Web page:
Measuring Customer Loyalty
by Katie Goodell
It’s easy to pick out the most loyal sports fans.
Team jersey, foam finger, stickers on their cars, season ticket holders… but how do we measure or evaluate the loyalty of our customers? Loyalty can be defined as a strong feeling of allegiance. Customer loyalty to your company indicates stability and growth in business.
As marketers, we’re constantly dreaming up ways to strategically increase a sense of customer loyalty: incentive programs, discounts for existing customers, social media interaction, community engagement. It’s important to be aware of the relationship and connection (or lack thereof) your customers have to your brand, especially in industries in which customer retention is the name of the game. Evaluating exactly how strong that sense of allegiance might be is also important to help guide and validate your marketing efforts.
Surveying your customers is a direct and effective way to learn more about their loyalty. But you can’t just come out and ask “Hey: how loyal would you say you are to our brand?” It might be helpful to ask “How satisfied are you with our service/product?” A simple satisfaction question, however, normally addresses a customer’s emotional response to your brand, or a reflection on past experience. With loyalty, we also want to measure affective and behavioral response, as well as the customer’s potential or intentions for the future.
You can also ask open-ended questions like “What is it about our company that keeps you as a customer?” or “What would cause you to discontinue our service?” and get valuable insight into customer psyche. But often it can be even more helpful to use quantitative measures, such as scoring your customer base’s loyalty. That way you can compare scores over time, or use to compare with the loyalty scores of your competitors’ customers.
Here are a couple Likert response scale questions the Pivot research team likes to include in customer feedback surveys that get at that quality of loyalty in a practical way. These apply well to companies who are offering an ongoing service to their customers:
“How likely are you to switch to a different provider?”
For this question, we typically use a scale of 1 to 10 where 1 = Not at all likely and 10 = Very likely. This question can give you a sense of potential customer “churn,” or likelihood that a customer will leave (and hopefully a sense that many of your customers won’t switch and want to stay!). This also works well to get a sense of general behavior predictions within your customer base.
And our favorite question to measure customer loyalty:
“How likely would you be to recommend your current provider to a friend or coworker?”
Pivot uses this question to find the Net Promoter Score for a company or service. The concept of Net Promoter Score was developed by a researcher named Fred Reichheld in 2003. His employer, Bain & Company, first used this measuring tool to assess loyalty among customers. Since then, it has become a common way for brands to assess their customers’ loyalty year over year, and compare to the loyalty of their competitors’ customers.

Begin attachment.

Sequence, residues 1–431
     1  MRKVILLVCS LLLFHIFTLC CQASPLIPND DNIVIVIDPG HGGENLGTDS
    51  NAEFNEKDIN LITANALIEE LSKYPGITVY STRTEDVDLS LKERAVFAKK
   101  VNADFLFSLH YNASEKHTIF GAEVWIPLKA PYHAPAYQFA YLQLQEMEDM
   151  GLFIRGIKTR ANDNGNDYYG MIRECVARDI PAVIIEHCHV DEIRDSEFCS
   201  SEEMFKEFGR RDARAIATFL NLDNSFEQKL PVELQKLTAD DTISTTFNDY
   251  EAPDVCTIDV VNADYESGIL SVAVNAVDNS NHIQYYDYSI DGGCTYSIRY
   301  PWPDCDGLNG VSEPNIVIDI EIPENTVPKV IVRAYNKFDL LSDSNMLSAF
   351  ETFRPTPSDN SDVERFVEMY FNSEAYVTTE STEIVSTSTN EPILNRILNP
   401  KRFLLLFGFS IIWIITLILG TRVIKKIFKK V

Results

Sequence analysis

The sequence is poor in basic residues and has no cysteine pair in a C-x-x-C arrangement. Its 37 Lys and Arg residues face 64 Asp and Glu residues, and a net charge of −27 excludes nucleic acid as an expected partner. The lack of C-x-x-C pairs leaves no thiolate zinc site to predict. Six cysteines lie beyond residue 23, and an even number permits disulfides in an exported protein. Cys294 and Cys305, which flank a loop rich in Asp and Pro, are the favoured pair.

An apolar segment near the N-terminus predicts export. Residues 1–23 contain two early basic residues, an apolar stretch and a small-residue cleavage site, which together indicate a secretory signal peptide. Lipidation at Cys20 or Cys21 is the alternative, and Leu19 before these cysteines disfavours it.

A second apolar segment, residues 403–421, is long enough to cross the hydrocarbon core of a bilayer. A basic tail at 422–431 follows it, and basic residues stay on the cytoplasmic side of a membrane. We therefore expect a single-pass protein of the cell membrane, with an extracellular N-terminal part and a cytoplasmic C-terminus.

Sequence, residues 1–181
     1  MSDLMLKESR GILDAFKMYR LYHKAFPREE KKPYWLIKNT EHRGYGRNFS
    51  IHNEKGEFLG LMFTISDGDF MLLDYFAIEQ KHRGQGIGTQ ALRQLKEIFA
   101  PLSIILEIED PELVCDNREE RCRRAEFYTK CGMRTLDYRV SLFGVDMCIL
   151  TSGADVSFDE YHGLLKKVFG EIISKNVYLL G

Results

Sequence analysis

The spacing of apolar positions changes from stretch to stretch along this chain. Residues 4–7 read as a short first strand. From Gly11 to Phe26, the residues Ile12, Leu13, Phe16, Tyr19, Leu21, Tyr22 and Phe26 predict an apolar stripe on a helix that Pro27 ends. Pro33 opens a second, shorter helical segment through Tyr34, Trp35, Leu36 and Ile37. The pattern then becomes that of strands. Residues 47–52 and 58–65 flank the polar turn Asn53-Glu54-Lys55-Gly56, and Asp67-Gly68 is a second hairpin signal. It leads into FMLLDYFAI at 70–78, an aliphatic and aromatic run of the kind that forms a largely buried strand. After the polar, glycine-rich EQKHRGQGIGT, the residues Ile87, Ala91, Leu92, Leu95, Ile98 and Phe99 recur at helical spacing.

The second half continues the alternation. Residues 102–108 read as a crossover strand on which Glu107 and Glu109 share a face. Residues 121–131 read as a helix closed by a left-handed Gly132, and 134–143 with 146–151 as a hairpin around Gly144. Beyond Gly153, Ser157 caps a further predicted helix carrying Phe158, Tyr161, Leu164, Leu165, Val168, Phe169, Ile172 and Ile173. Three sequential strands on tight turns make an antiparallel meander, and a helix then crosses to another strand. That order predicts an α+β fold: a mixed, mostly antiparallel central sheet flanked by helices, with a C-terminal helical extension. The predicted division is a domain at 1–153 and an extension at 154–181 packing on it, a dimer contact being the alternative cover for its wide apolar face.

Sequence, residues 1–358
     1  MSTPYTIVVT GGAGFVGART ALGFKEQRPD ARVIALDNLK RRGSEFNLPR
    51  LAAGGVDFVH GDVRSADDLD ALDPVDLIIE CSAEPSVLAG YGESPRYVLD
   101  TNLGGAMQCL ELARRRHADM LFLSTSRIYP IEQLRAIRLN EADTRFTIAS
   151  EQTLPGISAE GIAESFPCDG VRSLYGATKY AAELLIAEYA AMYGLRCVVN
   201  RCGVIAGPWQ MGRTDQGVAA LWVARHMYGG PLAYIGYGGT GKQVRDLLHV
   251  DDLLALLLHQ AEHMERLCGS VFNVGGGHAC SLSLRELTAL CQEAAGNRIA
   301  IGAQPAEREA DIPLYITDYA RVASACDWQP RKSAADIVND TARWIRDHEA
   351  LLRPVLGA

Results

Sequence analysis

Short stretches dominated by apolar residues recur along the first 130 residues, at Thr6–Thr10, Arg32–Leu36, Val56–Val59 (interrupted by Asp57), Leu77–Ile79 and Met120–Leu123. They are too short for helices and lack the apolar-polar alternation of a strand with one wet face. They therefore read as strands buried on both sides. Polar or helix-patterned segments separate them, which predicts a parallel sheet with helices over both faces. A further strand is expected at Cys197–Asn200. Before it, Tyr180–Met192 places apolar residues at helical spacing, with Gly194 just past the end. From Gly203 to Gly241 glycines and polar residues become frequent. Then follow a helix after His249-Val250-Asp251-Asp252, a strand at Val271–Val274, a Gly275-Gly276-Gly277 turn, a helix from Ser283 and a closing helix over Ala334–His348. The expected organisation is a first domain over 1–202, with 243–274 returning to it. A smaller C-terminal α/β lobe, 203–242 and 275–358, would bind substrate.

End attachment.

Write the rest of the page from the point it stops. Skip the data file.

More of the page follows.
For this one, we use a scale of 1 to 10 where 1 = Not at all likely and 10 = Very likely. The way you find the Net Promoter Score (NPS) is first to divide your customer base into three groups based on their answer to the “likelihood to recommend” question: the Promoters (those who answer 9 or 10), the Passives (7 or 8), the Detractors (answers of 1 to 6).
Promoters: These people who answered 9 or 10 when asked if they’d recommend you are your biggest fans. The foam finger-and-season-ticket-holder types. They are the pep club of your brand, out spreading the good word about what your company has to offer.
Passives: The middle-of-the-roaders probably wouldn’t say anything to hurt your reputation, but there’s clearly something that’s keeping them from giving a 9 or 10 response. They may have a team jersey, but are more of a fair-weather fan – they’ll cheer for you in the playoffs but probably not display a team flag in their yard or bring their friends to games.
Detractors: These people are not likely to do any advertising for you, and if they talk about you it may very well be negative comments and criticism. They are hurting your reputation among the community and your potential market. They’re either rooting for a different team or, at best, very dissatisfied with this year’s line-up.
To calculate the Net Promoter Score, you determine the percentage of ratings that fall within the Promoter and Detractor groups. Then subtract the percentage of Detractors from the percentage of Promoters. If 35% answered 9 or 10, and 10% answered between 1 and 6, your Net Promoter Score would be 35 minus 10 for a score of 25. If you had 67% of people in the Promoter category, and 22% as detractors, your NPS would be 45.
The very best possible NPS you could get would be 100, and the very worst would be -100. This common measure has been used in a variety of industries, and different research companies have set benchmarks by industry. You can see how if might vary across different types of business – you’re probably more likely to recommend a grocery store than a car rental agency. On average, a good NPS would probably fall between 15% and 40%.
Again, the valuable part of this metric is you can use it to compare your company’s NPS to the NPS from last year, or to your competitors’ scores. Having a grasp on your customers’ loyalty can encourage and spur on sales and marketing efforts. Loyalty can seem like an intangible quality, but it is a powerful indicator of success for your brand. Using good research methods and tactics such as the Net Promoter Score, you can evaluate the loyalty of your customers in a measurable way. With this tool, you’ll be on track to evaluate, grow, and satisfy your fan club.